New Sanctuary Standards Herald Sea Change for Captive Whales and Dolphins

28/06/2023 08:37:13

The Global Federation of Animal Sanctuaries (GFAS) has published the first ever set of best practices for cetacean (whales and dolphins) sanctuaries.

These guidelines were established through the combined efforts of top cetacean experts,” said Valerie Taylor, executive director of GFAS, which is the only globally recognized organization providing standards for identifying legitimate animal sanctuaries. “They signal a defining moment for the future of captive cetaceans across the globe.”

Standards for sanctuaries that care for land animals – including elephants, great apes and big cats – have been in place for many years. And now, as public opinion demands an end to keeping whales and dolphins in concrete tanks for the purposes of entertainment, coastal sanctuaries are being established for their retirement.

The new guidelines are the product of a pioneering collaboration between the SEA LIFE TRUST, Merlin Entertainments, The Whale Sanctuary Project and the National Aquarium.

Like all authentic sanctuaries,” Taylor said, “these ocean havens will be ‘Cetacean Welfare First,’ meaning that the animals’ wellbeing, rather than visitor experience or company profit, will always be the priority in animal care, sanctuary design and overall operations.”

Rob Hicks, Global Director of Animal Welfare at Merlin Entertainments, has worked on the collaboration between GFAS, the Whale Sanctuary Project and National Aquarium and was one of the leading founders of the creation of the SEA LIFE TRUST Beluga Whale Sanctuary.

Commenting on the partnership, Rob said: “As the team responsible for the world’s first beluga whale sanctuary, we have seen first-hand the gargantuan effort, cost and sheer amount of care and passion that these sanctuaries take to create and beyond that, to maintain. They are years in the making and need to be supported and run by a whole network of amazing and dedicated people. The SEA LIFE TRUST Beluga Whale Sanctuary was initially designed for Little Grey and Little White, the two belugas who previously performed in China and were transported in 2019 to the sanctuary, which is situated off the south coast of Iceland.”

He added: “Everything we have done has always been about putting Little Grey and Little White’s welfare first and we hope that other beluga whales will join them in the future. We were delighted to support GFAS in setting out this robust framework for what other sanctuaries in the future should look like, as well as the high standards we set ourselves on the daily basis. We very much welcome these new standards and see them as just as pioneering as our own welfare project.”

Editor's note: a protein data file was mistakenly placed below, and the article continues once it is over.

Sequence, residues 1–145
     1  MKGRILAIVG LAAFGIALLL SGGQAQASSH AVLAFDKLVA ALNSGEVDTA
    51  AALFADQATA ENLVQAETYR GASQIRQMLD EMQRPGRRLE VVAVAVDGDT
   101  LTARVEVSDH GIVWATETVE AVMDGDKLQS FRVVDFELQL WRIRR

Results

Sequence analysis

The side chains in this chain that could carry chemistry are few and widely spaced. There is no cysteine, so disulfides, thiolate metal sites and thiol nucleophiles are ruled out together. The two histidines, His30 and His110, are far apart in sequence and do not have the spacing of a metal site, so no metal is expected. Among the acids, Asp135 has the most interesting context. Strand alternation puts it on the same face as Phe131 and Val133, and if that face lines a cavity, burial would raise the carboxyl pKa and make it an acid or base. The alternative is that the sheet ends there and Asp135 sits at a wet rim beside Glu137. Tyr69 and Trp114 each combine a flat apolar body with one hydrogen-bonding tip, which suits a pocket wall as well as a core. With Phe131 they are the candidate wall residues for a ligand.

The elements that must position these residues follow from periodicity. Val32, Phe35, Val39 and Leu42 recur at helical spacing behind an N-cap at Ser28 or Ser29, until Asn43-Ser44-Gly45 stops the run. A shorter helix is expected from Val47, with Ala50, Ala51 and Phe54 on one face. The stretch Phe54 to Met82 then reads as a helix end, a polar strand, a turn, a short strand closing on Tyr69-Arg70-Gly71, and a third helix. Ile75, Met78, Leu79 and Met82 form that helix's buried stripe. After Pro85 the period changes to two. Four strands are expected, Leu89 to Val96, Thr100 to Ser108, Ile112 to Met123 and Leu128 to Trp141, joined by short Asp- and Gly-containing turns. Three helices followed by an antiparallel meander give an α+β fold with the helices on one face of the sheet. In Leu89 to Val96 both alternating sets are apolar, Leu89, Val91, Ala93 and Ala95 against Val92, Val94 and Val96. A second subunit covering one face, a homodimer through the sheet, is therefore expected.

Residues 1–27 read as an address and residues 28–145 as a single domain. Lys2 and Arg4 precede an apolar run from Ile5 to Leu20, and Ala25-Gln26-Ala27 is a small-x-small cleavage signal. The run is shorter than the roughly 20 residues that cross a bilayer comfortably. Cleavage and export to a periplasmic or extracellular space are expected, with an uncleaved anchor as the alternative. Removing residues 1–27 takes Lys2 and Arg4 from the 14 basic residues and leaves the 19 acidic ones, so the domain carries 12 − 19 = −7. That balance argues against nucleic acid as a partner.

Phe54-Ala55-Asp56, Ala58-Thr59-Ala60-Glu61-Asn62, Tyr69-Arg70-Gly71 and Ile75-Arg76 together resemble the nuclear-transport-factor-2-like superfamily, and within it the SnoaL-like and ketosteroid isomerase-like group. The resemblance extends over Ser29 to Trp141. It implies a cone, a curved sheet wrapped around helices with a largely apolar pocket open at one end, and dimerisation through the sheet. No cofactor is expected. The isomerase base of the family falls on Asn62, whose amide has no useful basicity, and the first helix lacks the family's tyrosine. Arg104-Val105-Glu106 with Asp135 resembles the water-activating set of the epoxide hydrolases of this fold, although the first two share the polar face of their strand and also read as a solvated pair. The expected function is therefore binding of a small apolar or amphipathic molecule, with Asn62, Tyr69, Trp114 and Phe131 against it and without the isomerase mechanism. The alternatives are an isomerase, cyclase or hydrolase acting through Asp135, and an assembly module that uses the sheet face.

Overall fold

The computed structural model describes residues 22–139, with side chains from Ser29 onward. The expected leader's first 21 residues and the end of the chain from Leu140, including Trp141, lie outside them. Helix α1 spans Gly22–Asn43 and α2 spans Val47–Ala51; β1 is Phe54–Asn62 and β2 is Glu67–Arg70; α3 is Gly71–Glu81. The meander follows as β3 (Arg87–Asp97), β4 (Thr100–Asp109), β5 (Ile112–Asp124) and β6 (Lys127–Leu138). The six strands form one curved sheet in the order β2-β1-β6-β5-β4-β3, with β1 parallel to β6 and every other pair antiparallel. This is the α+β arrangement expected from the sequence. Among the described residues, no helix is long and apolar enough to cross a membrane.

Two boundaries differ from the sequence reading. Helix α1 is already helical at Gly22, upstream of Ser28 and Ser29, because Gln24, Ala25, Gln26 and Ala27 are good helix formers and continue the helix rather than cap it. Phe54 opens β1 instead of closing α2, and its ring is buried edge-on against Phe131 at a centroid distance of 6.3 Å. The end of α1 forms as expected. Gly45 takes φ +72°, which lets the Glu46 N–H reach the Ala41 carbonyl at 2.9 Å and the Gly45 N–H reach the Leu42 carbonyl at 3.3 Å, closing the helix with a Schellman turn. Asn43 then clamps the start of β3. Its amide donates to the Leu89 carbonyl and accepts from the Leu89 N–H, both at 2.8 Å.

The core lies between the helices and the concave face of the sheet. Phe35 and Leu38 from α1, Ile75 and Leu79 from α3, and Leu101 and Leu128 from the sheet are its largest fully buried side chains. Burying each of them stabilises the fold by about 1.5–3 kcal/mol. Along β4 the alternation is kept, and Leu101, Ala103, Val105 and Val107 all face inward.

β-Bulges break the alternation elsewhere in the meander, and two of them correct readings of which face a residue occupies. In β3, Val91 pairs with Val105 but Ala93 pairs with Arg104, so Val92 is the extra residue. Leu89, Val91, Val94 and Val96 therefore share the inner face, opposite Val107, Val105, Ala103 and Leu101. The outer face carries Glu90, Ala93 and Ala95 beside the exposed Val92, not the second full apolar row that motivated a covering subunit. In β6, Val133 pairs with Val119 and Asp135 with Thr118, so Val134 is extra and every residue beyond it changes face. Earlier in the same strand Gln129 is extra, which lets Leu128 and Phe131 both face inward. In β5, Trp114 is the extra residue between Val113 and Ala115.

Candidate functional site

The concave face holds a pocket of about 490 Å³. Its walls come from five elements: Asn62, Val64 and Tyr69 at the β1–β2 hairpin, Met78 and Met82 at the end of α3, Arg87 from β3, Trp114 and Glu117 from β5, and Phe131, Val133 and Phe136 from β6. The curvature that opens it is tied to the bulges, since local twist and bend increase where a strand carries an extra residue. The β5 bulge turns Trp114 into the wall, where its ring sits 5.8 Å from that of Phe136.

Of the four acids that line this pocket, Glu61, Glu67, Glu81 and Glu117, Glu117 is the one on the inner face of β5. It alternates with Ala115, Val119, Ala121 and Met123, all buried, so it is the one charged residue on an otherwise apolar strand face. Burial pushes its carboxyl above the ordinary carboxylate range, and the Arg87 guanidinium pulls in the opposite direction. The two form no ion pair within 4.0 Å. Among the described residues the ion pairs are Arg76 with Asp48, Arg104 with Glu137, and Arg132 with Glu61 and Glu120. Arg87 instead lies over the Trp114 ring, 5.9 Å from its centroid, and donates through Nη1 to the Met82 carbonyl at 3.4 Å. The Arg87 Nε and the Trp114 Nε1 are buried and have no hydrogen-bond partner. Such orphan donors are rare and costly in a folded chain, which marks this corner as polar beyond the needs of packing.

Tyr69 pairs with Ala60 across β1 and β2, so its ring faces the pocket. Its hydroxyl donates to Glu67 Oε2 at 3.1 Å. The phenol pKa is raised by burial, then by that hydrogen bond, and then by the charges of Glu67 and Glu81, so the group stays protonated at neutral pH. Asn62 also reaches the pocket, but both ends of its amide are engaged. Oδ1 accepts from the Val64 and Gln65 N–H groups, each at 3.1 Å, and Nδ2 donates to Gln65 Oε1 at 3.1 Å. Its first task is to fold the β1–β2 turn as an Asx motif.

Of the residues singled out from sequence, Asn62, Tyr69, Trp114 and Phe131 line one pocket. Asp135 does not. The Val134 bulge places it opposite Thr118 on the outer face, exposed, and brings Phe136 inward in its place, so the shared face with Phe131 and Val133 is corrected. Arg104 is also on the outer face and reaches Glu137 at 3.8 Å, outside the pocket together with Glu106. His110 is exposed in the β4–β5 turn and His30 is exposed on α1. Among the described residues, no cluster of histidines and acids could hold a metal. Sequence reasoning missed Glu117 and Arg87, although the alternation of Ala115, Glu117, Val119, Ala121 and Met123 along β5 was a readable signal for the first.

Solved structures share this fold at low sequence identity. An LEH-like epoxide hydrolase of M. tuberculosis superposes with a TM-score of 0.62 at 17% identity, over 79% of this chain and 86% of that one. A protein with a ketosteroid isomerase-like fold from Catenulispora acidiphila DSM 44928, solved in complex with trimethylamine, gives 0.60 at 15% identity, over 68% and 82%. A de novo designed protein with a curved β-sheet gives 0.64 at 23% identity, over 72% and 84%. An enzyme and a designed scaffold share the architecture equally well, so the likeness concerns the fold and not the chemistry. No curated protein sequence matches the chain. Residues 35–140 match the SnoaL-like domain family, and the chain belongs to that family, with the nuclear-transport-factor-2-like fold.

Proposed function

Dr. Lori Marino is President and co-Founder of the Whale Sanctuary Project, which is creating a sanctuary in Nova Scotia for captive orcas and beluga whales. “Sanctuaries are one of the most important ways we can make reparations to these intelligent, beautiful animals for decades of exploitation,” she said. ”We are honored to be working with other experts and scientists who share the vision of a world in which no dolphins or whales are used for entertainment but are treated with the respect they deserve.

In 2016, John Racanelli, President and CEO of the National Aquarium, announced the aquarium’s intention to move the dolphins in its care to an oceanside sanctuary. In its endeavor to create North America’s first dolphin sanctuary, the aquarium forged relationships with other leaders in the cetacean industry, including SEA LIFE TRUST and the Whale Sanctuary Project. “As we embarked on this ground-breaking work,” he said, “we quickly determined this was about more than our dolphins alone; it concerned all captive cetaceans. So, it was imperative that we work with other experts in the field to outline the places, principles and practices that would define authentic cetacean sanctuaries. We have a duty to the animals in our care to ensure that when they move, it is to a new home designed around their social, physical and emotional needs, one that comes as close as possible to their native habitat.”

To be awarded GFAS accreditation, an organization must meet rigorous and peer-reviewed animal care standards that are confirmed by a site visit. They must also adhere to ethical and operational principles such as no breeding, no performances and freedom of choice for the animals. GFAS Accreditation provides a clear and trusted means for the public, donors and grantors to recognize awarded groups as exceptional organizations and true sanctuaries.